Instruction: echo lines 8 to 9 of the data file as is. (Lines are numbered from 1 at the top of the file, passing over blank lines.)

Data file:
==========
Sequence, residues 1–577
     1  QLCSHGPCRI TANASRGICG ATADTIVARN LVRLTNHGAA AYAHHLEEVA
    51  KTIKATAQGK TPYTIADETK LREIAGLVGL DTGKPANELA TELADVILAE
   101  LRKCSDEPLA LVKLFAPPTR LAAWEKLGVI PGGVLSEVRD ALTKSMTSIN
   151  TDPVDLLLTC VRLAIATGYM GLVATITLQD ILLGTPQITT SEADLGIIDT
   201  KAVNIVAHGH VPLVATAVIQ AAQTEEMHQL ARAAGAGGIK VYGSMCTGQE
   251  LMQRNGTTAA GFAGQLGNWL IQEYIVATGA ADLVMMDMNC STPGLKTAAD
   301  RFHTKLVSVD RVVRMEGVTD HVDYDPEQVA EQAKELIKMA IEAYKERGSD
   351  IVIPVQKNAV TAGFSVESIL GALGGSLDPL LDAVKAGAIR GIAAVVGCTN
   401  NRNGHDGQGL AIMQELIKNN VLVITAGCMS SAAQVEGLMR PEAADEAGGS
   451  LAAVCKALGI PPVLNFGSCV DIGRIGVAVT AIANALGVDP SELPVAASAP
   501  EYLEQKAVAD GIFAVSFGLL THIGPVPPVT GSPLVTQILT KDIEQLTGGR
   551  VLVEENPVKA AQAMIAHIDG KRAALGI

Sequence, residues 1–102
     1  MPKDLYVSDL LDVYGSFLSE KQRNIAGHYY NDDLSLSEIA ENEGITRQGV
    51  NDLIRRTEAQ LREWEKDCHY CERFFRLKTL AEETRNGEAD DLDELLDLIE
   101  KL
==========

   301  RFHTKLVSVD RVVRMEGVTD HVDYDPEQVA EQAKELIKMA IEAYKERGSD
   351  IVIPVQKNAV TAGFSVESIL GALGGSLDPL LDAVKAGAIR GIAAVVGCTN